0

Thanks Matt! I figured it would be something easy like this. So I need to use the FORWARD rule, not the OUTPUT! I don't have to worry about IP address changing, since this server also provides DHCP and I assign them to appliances based on MAC address. But I see how your suggestion would work in a different scenario. As to the routing comments...I am a cut ...


0

This won't work. # # (6) OUTPUT rule to allow a client LAN access, but DROP internet access # I use this to prevent various home appliances from accessing the internet # iptables -A OUTPUT -s 192.168.10.110 -j DROP The reason it won't work is the OUTPUT table only filters traffic originating from your router, rather than passing through it. You want the ...


1

I have found the solution! Indeed I had to extend my access-list on my outside interface!!! I have succeeded using ASDM. First I created a NEW network object for each of my servers. When you create a new object you will be asked for the internal IP address and "this is where the magic happens" you have to set the NAT IP address (the external address) !!! ...


0

Sometimes people should really use the ASDM for their ASA firewalls. There's no shame in it. I've managed hundreds of Cisco ASA devices and use a mix of 80:20 between working in the ASDM versus the command line. The packet tracer GUI is very easy and would tell you exactly where this is happening. There's a CLI equivalent as well. Anyway, all I have for ...


1

All you configuration looks fine and I can see that you have only allowed desired traffic to your servers using ACL. If you would like to anyone to be able to ping your server on public IP interface, you will need to add below ACL: access-list OutsideToInside extended permit icmp any any Or you can choose the servers instead of allowing ping to all/any.


0

Spend some time researching "split-brain" DNS. This is a fairly common problem that plagues many organizations. In our case, we simply use the external address whether the client is internal (LAN) or external (WAN) in most cases. We have built our DNS in such a way that we can split out which addresses resolve internal and which resolve external. Either ...


0

Where is your current DNS zone being hosted for mydomain.com? Is it externally located, or hosted on your internal network? Assuming it is externally located, this is how I would normally set this up for my clients: -A record for test.mydomain.com is configured on external DNS server to resolve to 212.168.187.53 -Create a new zone called test.mydomain.com on ...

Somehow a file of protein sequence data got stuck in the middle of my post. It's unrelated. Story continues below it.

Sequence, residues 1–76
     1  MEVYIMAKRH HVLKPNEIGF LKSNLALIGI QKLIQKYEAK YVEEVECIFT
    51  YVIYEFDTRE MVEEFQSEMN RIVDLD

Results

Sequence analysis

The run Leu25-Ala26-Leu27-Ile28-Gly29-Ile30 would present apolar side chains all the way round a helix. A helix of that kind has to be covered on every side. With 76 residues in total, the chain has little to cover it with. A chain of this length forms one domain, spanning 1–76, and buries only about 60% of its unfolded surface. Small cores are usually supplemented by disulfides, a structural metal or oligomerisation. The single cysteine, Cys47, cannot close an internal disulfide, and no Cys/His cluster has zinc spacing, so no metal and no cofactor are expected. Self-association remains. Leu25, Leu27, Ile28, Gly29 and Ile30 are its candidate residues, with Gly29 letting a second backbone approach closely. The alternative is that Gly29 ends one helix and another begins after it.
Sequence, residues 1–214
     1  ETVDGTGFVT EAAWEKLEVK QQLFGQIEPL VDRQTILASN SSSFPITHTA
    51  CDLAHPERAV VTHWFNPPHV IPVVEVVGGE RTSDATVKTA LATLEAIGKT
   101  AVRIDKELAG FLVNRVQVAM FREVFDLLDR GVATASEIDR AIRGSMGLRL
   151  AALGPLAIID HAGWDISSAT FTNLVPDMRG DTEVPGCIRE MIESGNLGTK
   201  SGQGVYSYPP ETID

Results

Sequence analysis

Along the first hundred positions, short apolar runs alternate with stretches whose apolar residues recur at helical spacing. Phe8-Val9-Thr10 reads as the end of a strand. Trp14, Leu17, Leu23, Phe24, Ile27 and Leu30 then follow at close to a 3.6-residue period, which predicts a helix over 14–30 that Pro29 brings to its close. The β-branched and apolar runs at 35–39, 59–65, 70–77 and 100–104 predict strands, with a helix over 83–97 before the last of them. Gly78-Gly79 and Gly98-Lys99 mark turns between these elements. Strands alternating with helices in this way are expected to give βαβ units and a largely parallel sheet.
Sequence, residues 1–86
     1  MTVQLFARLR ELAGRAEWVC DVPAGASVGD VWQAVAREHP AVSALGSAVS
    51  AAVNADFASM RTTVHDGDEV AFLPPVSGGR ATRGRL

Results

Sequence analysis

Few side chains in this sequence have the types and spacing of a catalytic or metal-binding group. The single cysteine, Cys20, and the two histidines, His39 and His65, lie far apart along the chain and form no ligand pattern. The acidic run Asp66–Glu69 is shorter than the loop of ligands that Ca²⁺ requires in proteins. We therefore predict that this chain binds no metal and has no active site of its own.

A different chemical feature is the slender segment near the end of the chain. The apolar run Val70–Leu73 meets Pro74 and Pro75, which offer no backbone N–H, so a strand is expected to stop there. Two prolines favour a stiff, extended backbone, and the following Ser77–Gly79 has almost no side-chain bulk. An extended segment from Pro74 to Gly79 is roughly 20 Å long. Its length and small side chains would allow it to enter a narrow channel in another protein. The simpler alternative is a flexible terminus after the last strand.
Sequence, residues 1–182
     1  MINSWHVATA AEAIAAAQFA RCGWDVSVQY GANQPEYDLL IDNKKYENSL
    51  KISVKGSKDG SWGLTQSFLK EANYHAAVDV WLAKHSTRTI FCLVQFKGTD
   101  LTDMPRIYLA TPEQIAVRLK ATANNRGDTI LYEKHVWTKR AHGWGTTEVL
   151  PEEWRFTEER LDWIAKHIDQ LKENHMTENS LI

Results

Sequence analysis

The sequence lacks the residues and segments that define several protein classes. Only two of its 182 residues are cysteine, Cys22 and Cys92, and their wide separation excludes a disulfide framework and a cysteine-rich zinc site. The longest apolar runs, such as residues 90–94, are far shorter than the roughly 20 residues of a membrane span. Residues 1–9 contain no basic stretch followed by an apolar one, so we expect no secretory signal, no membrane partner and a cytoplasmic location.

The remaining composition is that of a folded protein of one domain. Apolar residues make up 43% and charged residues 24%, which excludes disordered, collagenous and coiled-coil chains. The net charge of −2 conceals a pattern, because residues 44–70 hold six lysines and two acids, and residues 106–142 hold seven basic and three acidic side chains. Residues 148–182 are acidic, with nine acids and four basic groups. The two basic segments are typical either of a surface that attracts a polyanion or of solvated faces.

1

Let me suppose the following 3 things in your setup : you have a default policy on the INPUT table of ACCEPT (it is the default value). your packet / byte counter on the last rule -A INPUT -i all -p all -j REJECT is 0 you do not have an interface named 'all' AFAIK the -i parameter does not have a key word like all, so it is considered as an interface ...


2

The issue with Lukas's solution is HttpRewriteModule , which automatically turns everything with http(s) at the front into a 302. If you instead do the rewrite in two stages - the second one 'break' - it should work. e.g. rewrite ^(.*)$ "://registry.npmjs.org$1" break; rewrite ^(.*)$ "http$1" break; proxy_pass http://proxy.abc.lan:1234; I suspect there's ...


0

If I've understood your question correctly what you're trying to achieve is addressed by the Linux Virtual Server project - http://linuxvirtualserver.org/. At the very least it will give you pointers to the issues.


0

If it's just for permissions then maybe you can try to sudo su systemctl enable firewalld systemctl start firewalld


3

As I am a long time Munin user, I can give you few quick thoughts on using it: using a SSH tunnel (is that illegal as well?) to get behind the firewall. The obvious port forward, you mentioned. If you have SSH of the monitored machines already exposed, you can use Munin's SSH support to get to those. You can use one very light-weight node behind firewall, ...


0

You need to do this on web server. Try with a reverse proxy Original post: http://www.jamescoyle.net/how-to/116-simple-apache-reverse-proxy-example


0

I would check the output of netstat -an to see which interface the listeners are on for 8008 and 8080. It is possible they are only listening on the loopback interface, in which case the traffic would have to be initiated from localhost.


1

We found the deployment instructions and CLI and REST examples in this document: https://wiki.openstack.org/wiki/Neutron/FWaaS/HowToInstall#REST_calls_using_curl: The policy (and therefore rules) in FWaaS are all applied to all of the tenant's routers. A year after this question is asked we have LBaaS and VPNaaS in the API documentation but no sign of the ...


1

I think what you really wanted was something based around the hashlimit module.


0

It doesn't work on pure IP-level, one needs to know how DHCP does work: At first, the DHCP client does send a packet (DHCPDISCOVER) from 0.0.0.0 to 255.255.255.255 (the local broadcast address). The DHCP server will offer an IP address (DHCPOFFER); in terms of iptables, this will be a packet from the DHCP server's address and also targeted at the local ...